DV Impact VISC (chipset) L64002 L64005 L64020 VDSP2 COMET DISP II (chipset) ENC-C ENC-M SAA6750H SAA7201

Matsushita

MPEG-2 main prole at main level encoder MPEG-2 main prole at main level encoder MPEG-2 audio/video decoder DVD decoder MPEG-2 main prole at main level encoder MPEG-2 main prole at main level encoder MPEG-2 simple prole at main level encoder Single-chip low-cost MPEG-2 encoder MPEG-2 audio/video/ graphics decoder Motion-compensated eld-rate conversion

54 MHz MIPS-compatible RISC core Customized RISC engine 54 MHz 27 MHz

304-BGA, 4.5 W 208-QFP, 0.5 m, 3.3 V 160-PQFP, 3.3 V

Mitsubishi NTT Philips

SIMD DSP-core and motion-estimation processor RISC-processor-based architecture

100 MHz 80 MHz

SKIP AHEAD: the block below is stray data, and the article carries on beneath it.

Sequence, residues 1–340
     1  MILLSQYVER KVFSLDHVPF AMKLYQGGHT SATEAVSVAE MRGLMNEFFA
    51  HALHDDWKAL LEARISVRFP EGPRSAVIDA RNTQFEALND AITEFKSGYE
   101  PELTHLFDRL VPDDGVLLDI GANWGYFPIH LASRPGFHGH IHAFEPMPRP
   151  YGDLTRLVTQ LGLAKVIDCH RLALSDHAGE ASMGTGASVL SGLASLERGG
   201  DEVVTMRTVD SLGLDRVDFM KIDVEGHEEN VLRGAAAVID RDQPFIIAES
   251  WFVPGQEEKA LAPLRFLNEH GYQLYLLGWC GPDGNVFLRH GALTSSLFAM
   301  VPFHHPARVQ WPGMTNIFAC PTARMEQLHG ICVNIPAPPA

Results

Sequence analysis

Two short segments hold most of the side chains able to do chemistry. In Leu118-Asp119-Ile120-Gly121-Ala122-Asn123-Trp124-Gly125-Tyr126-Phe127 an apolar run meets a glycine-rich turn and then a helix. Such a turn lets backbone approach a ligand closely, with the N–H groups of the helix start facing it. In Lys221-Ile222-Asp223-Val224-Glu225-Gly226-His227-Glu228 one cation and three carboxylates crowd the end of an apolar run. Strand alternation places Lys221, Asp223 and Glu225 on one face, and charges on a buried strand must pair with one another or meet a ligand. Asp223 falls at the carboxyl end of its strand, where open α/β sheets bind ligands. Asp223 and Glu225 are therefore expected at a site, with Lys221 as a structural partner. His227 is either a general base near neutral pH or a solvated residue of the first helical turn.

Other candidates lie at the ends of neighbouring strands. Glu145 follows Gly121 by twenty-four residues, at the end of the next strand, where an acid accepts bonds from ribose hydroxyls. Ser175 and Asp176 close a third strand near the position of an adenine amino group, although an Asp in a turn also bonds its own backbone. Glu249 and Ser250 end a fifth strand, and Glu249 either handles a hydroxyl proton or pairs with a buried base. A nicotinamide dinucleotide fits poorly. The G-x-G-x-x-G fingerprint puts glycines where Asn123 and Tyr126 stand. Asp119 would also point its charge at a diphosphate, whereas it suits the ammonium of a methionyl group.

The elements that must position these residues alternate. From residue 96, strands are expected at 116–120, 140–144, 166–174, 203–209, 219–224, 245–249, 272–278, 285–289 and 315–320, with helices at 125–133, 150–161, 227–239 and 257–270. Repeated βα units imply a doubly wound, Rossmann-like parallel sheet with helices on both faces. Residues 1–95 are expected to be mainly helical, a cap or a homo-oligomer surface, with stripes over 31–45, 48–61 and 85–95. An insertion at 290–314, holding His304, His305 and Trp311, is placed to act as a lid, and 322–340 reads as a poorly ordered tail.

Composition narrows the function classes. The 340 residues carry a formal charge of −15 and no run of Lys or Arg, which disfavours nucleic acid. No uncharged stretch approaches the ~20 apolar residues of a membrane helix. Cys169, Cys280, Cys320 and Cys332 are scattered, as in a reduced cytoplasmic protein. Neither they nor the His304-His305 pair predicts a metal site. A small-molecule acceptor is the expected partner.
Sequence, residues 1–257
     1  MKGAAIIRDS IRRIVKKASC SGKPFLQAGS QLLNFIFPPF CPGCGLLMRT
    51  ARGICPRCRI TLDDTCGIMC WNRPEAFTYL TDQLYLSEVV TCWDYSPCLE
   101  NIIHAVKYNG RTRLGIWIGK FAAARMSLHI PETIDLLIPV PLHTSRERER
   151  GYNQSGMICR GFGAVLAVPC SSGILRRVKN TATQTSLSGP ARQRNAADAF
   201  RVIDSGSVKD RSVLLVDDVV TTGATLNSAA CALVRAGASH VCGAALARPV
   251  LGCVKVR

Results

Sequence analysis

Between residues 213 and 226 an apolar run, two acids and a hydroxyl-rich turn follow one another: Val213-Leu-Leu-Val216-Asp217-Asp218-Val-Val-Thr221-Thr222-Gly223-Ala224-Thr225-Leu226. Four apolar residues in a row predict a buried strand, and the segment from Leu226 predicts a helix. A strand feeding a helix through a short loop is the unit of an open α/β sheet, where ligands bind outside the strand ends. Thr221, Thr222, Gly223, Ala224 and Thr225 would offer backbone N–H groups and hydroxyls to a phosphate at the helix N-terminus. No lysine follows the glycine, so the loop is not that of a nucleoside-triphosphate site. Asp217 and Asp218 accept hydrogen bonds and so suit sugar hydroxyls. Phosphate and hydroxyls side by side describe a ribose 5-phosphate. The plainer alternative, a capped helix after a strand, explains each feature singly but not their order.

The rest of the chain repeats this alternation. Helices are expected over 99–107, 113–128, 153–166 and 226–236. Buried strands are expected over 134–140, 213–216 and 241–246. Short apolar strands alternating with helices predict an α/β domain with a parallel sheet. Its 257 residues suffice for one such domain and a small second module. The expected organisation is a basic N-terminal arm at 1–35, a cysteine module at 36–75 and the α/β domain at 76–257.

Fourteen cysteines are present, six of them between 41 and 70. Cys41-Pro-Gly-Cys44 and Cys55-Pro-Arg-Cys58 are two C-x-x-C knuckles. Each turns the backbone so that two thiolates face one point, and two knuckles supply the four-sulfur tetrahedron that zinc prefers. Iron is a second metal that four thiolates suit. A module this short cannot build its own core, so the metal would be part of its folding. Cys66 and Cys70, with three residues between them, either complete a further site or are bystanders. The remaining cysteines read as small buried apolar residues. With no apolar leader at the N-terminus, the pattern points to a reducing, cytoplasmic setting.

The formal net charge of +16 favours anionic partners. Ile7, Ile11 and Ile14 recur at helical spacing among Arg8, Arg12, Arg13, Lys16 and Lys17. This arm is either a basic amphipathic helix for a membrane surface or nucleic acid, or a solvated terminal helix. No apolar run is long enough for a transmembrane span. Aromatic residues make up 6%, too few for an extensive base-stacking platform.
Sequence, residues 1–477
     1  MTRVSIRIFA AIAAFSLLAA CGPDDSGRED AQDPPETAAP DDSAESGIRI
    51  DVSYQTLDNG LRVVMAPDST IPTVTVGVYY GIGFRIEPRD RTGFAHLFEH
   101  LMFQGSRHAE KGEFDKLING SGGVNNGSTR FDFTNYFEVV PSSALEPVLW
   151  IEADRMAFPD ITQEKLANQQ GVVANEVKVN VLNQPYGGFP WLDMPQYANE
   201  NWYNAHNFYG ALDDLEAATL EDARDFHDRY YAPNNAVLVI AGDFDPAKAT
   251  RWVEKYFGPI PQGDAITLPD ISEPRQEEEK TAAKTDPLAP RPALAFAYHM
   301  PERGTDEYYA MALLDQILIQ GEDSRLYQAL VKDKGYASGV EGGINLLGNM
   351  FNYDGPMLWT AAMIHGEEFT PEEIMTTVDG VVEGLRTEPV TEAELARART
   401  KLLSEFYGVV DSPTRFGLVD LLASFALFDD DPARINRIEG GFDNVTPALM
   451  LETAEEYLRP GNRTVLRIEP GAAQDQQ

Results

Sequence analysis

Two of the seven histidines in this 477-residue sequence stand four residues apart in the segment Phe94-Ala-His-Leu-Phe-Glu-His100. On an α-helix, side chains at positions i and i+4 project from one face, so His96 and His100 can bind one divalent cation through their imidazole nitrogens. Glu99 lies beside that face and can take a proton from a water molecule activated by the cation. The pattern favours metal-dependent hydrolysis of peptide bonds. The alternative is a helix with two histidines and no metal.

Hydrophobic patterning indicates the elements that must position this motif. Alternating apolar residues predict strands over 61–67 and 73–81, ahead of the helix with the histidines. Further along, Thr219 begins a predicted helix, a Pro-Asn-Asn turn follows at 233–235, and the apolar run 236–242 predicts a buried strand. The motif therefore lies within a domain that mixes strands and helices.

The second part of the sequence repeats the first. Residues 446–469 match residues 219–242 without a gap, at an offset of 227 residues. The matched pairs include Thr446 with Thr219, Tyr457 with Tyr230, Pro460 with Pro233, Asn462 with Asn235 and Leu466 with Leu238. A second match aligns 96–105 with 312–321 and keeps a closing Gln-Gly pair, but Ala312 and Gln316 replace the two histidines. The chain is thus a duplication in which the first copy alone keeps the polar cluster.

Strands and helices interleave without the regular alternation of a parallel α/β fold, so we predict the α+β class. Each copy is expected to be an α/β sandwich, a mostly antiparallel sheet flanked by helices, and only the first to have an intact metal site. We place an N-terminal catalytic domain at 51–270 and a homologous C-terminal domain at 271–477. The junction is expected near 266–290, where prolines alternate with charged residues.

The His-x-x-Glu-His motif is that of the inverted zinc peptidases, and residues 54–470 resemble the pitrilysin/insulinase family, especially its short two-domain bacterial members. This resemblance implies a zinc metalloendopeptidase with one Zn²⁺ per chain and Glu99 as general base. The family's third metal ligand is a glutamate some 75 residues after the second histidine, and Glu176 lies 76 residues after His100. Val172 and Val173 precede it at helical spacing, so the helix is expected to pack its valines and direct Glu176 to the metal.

261-PGA 144-PGA 393-PGA, 257-PGA, 152-QFP 208-CQFP 304-CQFP 0.5 m, 198 mm 2 160-PQFP, 3.3 V 0.8 m, 1 million transistor, 84-PLCC, 5 V, 1.8 W 208-PQFP, 0.4 m, 4.5 million transistor 208-PQFP, 0.4 m, 3.3 V 304-CQFP, 0.5 m, 5.2 million transistor

81 MHz Motion estimator plus preprocessing Video decoder, audio decoder, and graphics unit Top-level processor and coprocessors for interpolation, motion estimation and vector DSP controller and coprocessors RISC, audio DSP and video processor MIMD massively parallel scalable processor 27 MHz 27 MHz

SAA4991

33 MHz 10 BOPS

Sony

CXD1922Q CXD1930Q

Vision Tech

MVision 10

MPEG-2 main prole at main level encoder MPEG-2 audio/video decoder MPEG-2 main prole at main level encoder

27 MHz (DSP) 27 MHz 40.5 MHz

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Figure 4 Architecture of 8 8 VCP and LVP. (From Ref. 22.)